Also interesting that the slavery campaigners invented fairtrade, in the form of sugar from non-slave growers.
    And that one of the campaigners’ best tactics was their spokesman Olaudah Equiano, a freed slave turned arctic explorer whose autobiography and speaker tours made black people’s equal humanity tangible to British audiences of the time (and made him rich and famous). People speaking on their own behalf have more impact than people speaking on others’ behalf, if they understand the audience.
    The British campaign to abolish the slave trade took over 30 years, and even longer to make slavery itself illegal – citizenship is for life! Maybe their biggest lesson for us is their stamina.

  6. We’ve done some interesting research which suggests that learning about the wider world at school leads to people being more supportive of development, understanding the links of their own actions to climate change and more comfortable in a multi-racial society (see
    We are holding a conference (at which Duncan in incidentally giving a keynote speech) on 2nd November considering how we build a ‘Big Global Society’ and unlock social action around global issues. Details are at:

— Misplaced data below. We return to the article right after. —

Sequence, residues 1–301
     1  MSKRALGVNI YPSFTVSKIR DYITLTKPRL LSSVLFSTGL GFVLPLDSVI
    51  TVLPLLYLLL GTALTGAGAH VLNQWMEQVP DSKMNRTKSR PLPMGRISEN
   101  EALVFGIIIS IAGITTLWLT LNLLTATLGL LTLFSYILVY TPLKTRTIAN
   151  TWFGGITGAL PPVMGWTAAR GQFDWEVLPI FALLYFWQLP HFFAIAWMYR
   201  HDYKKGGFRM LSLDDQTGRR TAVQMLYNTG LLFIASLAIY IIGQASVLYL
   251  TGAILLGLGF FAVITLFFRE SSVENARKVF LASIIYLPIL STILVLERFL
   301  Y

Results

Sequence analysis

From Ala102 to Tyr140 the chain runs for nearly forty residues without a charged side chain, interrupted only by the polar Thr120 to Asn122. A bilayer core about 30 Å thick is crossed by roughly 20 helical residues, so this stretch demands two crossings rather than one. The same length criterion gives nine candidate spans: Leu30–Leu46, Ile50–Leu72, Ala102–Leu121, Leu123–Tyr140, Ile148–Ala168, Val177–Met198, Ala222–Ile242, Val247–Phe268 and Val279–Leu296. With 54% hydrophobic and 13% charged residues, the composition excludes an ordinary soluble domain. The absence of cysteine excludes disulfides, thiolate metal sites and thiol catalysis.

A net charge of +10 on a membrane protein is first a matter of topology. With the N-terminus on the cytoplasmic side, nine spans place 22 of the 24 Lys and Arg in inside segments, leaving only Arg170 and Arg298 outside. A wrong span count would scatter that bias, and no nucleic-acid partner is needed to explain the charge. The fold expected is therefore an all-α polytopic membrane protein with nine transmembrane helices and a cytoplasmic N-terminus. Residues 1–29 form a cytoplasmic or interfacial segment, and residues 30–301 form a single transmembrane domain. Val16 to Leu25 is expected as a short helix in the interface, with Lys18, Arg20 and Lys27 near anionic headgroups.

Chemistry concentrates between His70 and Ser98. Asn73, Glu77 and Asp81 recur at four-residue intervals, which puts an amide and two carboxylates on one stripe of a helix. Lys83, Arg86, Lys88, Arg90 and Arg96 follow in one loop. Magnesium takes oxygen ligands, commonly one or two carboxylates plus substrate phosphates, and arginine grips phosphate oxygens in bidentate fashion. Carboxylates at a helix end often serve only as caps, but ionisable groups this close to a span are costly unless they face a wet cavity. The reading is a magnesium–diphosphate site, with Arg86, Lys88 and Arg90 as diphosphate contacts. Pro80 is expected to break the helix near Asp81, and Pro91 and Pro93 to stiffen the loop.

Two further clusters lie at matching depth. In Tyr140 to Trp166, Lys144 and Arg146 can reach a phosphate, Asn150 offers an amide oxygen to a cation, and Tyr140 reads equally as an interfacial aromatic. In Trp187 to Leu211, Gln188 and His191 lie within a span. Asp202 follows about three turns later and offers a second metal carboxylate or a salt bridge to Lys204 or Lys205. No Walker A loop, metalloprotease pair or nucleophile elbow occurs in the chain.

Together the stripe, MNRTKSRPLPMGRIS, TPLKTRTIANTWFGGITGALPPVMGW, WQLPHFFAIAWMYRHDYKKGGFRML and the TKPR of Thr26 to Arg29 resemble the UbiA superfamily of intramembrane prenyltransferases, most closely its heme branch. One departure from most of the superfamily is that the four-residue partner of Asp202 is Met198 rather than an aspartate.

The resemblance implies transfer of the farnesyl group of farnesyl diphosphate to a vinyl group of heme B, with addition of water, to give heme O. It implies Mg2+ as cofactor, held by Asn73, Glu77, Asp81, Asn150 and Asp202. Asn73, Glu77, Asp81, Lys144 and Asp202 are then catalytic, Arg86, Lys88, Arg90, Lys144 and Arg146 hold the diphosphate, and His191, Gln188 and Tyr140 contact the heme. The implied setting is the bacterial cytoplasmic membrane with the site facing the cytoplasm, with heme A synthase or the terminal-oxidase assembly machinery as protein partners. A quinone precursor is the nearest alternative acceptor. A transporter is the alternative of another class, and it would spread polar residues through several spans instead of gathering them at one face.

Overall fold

7. msksquared

    I know that we need professional campaigners, ‘organized’ campaigns, and campaigning organizations. but I also think that we need to think about the passion and empowerment that lies at the base of the most effective campaigns – passionate people changing things for themselves. We want to create a climate where anyone can feel that (a) it’s OK to care about things and not be cynical/apathetic and (b) that anyone can put a campaign in motion – that we don’t have to wait for top down initiatives from campaigning organizations.
    Actually I think that’s probably the real power of the internet. I share your concern about 1-click campaigning (although Avaaz claims to be effective, and I have certainly used it), but the internet obviously allows all kinds of people to connect around a shared concern, and anyone (with a connection) to start a campaign which can be both local and global because it is virtual. I do think the thin-ness issue is a real one – I am constantly curious about what the impact of starting a facebook page etc in the real world is… But then we see from the recent Nestle case that you can ignore Facebook at your peril…